Colton Reid came barreling into this world on August 30, 2015 after a C-Section. When I saw him, I just knew it was going to be ok. He was rushed off to Seattle Children’s due to medical issues; he surprised UW doctors a little. We spent 30 days at Seattle Children’s before we came home. Colton had his heart repair in January and we stayed another 32 days at Seattle Children’s. One last bump in the road was when Colton was airlifted to Seattle for our 3rd longest stay due to lung issues.
Finally, after all of those stays, we got to start our life with our 5 month old baby boy in Yakima. The hardest thing I have ever done in my life has turned into the most rewarding. Children’s Village has helped me connect with other parents. One new friend I just recently connected with, and I found out we were pregnant at the same time with our special babies. Our children are about two weeks apart.
Colton just turned the big “One”. We had the biggest celebration for him and for us. We made it a year. We now have a little “ginger” one-year-old boy who loves squash, his dog Arnold, and his big Sister Ali with all his heart. He can roll over and is working on standing, doesn’t let anything stop him, who says momma, da-da, bye-bye, and is currently working on his parade wave.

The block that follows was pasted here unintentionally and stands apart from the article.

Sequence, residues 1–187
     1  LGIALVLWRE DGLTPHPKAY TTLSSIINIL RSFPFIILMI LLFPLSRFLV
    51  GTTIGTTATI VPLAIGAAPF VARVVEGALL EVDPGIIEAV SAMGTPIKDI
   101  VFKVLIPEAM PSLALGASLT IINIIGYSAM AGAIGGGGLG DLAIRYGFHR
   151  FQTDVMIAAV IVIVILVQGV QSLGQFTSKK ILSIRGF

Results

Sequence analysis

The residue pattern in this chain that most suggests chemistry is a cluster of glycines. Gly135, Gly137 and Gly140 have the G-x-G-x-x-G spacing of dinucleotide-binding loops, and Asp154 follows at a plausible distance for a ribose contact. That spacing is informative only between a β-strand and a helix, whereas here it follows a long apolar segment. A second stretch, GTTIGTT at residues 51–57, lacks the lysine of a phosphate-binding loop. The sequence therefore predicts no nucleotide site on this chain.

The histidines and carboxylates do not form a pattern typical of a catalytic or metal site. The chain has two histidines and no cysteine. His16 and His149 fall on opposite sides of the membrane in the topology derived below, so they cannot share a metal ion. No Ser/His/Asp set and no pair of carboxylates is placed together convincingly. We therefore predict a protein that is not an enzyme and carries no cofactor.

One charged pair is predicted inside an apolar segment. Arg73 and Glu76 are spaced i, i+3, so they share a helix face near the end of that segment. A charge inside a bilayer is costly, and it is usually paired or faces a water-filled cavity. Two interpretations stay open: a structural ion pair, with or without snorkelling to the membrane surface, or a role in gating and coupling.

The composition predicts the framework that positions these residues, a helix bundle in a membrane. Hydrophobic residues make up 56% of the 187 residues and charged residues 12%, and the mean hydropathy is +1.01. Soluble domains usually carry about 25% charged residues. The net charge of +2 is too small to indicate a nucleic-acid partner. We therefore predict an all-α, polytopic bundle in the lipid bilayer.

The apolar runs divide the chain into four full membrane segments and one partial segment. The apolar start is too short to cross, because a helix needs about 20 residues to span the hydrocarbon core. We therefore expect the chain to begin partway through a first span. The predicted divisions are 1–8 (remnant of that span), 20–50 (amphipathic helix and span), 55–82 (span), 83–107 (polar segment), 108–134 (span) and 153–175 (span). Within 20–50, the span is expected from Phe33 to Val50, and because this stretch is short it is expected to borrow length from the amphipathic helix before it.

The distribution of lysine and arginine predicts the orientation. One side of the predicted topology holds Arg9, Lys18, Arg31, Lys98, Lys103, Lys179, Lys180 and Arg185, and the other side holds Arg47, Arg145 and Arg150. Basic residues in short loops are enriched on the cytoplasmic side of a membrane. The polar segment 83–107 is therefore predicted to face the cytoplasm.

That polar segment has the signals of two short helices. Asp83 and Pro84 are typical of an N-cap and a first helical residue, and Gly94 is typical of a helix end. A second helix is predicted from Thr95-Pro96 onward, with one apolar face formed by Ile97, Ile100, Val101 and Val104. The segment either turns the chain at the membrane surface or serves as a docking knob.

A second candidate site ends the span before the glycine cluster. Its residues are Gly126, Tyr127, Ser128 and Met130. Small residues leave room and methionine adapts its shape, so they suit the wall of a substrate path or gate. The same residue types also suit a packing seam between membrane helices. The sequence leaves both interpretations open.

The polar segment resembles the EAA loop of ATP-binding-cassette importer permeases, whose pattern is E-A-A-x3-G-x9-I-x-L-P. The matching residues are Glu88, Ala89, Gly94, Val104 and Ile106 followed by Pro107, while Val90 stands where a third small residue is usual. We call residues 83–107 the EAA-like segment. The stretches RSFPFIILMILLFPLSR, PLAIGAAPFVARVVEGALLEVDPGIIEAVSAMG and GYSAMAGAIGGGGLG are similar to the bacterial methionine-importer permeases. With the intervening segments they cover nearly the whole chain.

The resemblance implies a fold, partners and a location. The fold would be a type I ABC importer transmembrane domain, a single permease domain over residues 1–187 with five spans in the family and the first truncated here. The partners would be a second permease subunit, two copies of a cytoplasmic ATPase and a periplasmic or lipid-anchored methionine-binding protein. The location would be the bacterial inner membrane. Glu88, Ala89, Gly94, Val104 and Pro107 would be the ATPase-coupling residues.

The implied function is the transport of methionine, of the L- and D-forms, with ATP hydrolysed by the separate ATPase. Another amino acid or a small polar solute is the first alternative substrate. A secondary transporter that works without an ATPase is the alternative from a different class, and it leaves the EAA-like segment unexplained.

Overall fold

Everyone falls in love with him where ever he goes. He is a spitting image of his dad and has my toes…and also Down syndrome. We attended the Children’s Buddy Walk in October for the 2nd time. I enjoy meeting other families and supporting Colton. We recently graduated from the Holland program that is offered through Parent to Parent.
We have proudly established Colton’s Crew, who has been there every step of the way cheering us on, and our new found friends who we have met through Parent to Parent that are now part of our lives. I don’t know where I would be today without all the love and support of the families who reached out to me and Amy from Parent to Parent. They helped me through my darkest days, and I am so glad. We are not alone anymore-connected to Parent to Parent/Children’s Village and many other parents.